The Air Force Academy in Colorado Springs, Colo., confirmed Tuesday that a racial slur-filled message found posted outside of one of the campus dorms in September was written by one of the alleged victims.
The student who wrote the slurs is no longer at the academy, Fox News reported, but the institution did not disclose whether the student withdrew or was expelled. It also did not release the name of the student, citing privacy laws.
"We can confirm that one of the cadet candidates who was allegedly targeted by racist remarks written outside of their dorm room was actually responsible for the act," the academy said in a written statement, released on Tuesday. "The individual admitted responsibility and this was validated by the investigation."
The message, "Go home ni**er," was written on a dormitory message board outside of five black cadet candidates' dorm room, spurring a sharp response from the superintendent of the Colorado Spring's academy, Lt. Gen. Jay Silveria.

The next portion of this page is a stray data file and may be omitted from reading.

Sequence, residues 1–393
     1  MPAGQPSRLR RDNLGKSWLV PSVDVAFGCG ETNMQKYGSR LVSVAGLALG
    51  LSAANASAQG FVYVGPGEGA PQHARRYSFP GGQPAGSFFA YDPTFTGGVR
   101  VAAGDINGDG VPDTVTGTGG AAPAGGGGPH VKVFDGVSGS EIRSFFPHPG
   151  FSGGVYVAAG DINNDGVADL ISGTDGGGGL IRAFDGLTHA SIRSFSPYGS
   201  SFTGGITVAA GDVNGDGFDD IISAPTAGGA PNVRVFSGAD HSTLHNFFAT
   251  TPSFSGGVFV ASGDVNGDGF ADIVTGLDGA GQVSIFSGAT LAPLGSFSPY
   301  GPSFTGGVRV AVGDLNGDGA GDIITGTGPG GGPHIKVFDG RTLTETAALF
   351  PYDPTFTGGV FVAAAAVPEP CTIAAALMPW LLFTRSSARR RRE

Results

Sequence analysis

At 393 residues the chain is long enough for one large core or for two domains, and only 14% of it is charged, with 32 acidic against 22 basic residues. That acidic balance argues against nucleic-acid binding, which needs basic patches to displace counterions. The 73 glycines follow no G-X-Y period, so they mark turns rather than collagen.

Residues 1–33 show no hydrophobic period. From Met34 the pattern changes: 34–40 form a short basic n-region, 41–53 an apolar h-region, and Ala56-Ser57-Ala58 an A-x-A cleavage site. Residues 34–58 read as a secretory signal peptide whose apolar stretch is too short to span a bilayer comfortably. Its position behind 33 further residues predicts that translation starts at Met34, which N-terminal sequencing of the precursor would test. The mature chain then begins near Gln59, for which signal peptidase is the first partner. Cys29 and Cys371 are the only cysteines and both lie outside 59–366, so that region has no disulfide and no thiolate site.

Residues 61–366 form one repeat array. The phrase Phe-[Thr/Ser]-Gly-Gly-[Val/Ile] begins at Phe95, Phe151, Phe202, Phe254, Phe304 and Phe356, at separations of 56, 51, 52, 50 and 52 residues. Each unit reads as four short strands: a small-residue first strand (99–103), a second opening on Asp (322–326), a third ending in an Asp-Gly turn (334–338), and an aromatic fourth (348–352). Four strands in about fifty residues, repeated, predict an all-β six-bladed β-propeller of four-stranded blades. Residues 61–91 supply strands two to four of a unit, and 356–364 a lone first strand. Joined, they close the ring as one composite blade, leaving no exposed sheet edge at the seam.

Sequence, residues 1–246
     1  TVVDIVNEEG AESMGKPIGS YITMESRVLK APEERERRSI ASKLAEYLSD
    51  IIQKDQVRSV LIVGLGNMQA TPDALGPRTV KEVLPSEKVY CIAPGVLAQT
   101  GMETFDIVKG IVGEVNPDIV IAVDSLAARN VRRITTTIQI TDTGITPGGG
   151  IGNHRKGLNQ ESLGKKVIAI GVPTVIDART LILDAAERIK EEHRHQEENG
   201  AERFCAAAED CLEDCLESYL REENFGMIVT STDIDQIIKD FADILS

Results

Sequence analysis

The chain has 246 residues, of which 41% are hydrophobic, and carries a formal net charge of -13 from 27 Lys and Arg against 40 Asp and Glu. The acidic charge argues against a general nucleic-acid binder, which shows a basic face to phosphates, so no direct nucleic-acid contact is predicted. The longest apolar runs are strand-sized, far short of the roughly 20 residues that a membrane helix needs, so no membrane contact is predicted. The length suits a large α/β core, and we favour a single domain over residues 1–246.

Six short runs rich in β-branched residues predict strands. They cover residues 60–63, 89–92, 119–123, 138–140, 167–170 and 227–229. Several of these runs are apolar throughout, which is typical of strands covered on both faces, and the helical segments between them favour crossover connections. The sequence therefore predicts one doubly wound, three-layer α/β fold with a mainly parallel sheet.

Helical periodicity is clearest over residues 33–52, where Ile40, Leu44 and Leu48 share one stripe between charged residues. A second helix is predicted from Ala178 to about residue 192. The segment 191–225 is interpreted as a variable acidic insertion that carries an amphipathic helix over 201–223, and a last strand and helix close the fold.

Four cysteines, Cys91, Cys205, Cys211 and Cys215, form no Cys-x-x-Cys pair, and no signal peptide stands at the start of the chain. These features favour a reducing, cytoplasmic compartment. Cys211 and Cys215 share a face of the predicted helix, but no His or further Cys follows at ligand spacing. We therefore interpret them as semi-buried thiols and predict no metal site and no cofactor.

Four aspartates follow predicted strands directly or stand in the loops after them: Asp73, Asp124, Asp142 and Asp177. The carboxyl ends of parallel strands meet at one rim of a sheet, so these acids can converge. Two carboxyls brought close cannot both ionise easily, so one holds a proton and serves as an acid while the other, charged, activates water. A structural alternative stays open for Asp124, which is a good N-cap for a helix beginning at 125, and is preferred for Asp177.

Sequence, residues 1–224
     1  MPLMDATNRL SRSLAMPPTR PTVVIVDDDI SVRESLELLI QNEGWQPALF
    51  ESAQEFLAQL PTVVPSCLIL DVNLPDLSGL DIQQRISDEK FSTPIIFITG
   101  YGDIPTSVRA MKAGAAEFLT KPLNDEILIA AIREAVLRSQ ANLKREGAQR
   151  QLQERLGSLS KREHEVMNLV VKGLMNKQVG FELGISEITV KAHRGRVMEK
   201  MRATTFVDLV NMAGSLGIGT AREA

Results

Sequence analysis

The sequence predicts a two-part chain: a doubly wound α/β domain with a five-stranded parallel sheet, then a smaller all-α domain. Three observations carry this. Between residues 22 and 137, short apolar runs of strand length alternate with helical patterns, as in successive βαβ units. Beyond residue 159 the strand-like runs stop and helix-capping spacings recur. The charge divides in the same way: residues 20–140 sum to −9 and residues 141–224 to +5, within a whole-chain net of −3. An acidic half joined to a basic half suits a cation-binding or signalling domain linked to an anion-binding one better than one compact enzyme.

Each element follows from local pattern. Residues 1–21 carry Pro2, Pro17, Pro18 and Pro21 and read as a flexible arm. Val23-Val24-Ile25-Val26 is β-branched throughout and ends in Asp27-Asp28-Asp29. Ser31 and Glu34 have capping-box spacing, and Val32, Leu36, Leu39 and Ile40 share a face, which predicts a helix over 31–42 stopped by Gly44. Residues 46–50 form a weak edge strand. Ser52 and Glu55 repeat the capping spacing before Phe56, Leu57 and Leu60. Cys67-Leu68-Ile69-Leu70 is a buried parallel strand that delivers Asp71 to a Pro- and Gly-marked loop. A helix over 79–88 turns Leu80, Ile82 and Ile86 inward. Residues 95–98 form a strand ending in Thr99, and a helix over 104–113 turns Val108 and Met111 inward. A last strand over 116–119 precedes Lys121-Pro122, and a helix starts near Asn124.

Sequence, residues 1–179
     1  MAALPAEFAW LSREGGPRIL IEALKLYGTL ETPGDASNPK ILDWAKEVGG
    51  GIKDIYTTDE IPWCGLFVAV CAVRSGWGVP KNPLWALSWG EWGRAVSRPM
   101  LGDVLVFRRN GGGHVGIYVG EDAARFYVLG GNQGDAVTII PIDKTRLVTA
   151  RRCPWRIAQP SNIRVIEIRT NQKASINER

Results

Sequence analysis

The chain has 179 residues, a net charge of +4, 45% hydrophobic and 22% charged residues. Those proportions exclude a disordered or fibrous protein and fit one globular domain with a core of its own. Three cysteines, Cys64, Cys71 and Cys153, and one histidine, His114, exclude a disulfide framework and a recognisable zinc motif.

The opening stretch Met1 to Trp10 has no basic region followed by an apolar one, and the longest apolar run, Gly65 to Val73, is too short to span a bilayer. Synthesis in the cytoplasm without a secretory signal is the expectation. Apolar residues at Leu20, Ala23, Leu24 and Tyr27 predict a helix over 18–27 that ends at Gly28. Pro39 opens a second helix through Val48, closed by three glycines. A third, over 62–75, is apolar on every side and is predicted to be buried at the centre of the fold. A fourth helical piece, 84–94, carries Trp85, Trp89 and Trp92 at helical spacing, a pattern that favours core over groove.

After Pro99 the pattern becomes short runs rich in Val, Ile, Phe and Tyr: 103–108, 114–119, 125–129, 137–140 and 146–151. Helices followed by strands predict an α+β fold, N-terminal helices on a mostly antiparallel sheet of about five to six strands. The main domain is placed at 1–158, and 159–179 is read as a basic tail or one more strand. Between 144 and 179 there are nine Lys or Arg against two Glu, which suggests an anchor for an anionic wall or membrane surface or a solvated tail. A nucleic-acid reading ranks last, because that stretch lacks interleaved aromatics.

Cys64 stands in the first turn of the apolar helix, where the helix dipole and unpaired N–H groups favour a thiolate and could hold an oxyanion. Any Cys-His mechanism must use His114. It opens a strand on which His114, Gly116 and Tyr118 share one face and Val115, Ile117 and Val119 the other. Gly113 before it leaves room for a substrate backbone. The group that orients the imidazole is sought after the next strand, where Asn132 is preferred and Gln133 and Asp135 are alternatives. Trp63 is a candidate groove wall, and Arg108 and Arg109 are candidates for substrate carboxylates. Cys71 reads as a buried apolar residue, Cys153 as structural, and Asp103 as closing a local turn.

Silveria's comments attracted nationwide attention and garnered over one million views on YouTube.
"If you're outraged by those words then you're in the right place," Silveria said. "You should be outraged not only as an airman, but as a human being."
Political figures and media outlets alike brought attention to the five-minute speech, with many praising the academy's superintendent, including the New York Times, which called his remarks a "resounding message."
"If you demean someone in any way, you need to get out," Silveria said in his speech. "If you can't treat someone from another race, or different color skin, with dignity and respect, then you need to get out."
Despite the new revelations that have been publicized in the past 24 hours, Silveria said he stands by his speech.
"Regardless of the circumstances under which those words were written, they were written, and that deserved to be addressed," Silveria wrote in an email to the Colorado Springs Gazette. "You can never overemphasize the need for a culture of dignity and respect—and those who don't understand those concepts aren't welcome here."
The Air Force Academy said it was not going to provide any further details on the matter, but did express that there may be "additional information already in the public space," the New York Times reported.
As news of the hoax spread online that a black student had written the slur, the Times noted that many called on Silveria to address the events as a hate crime hoax.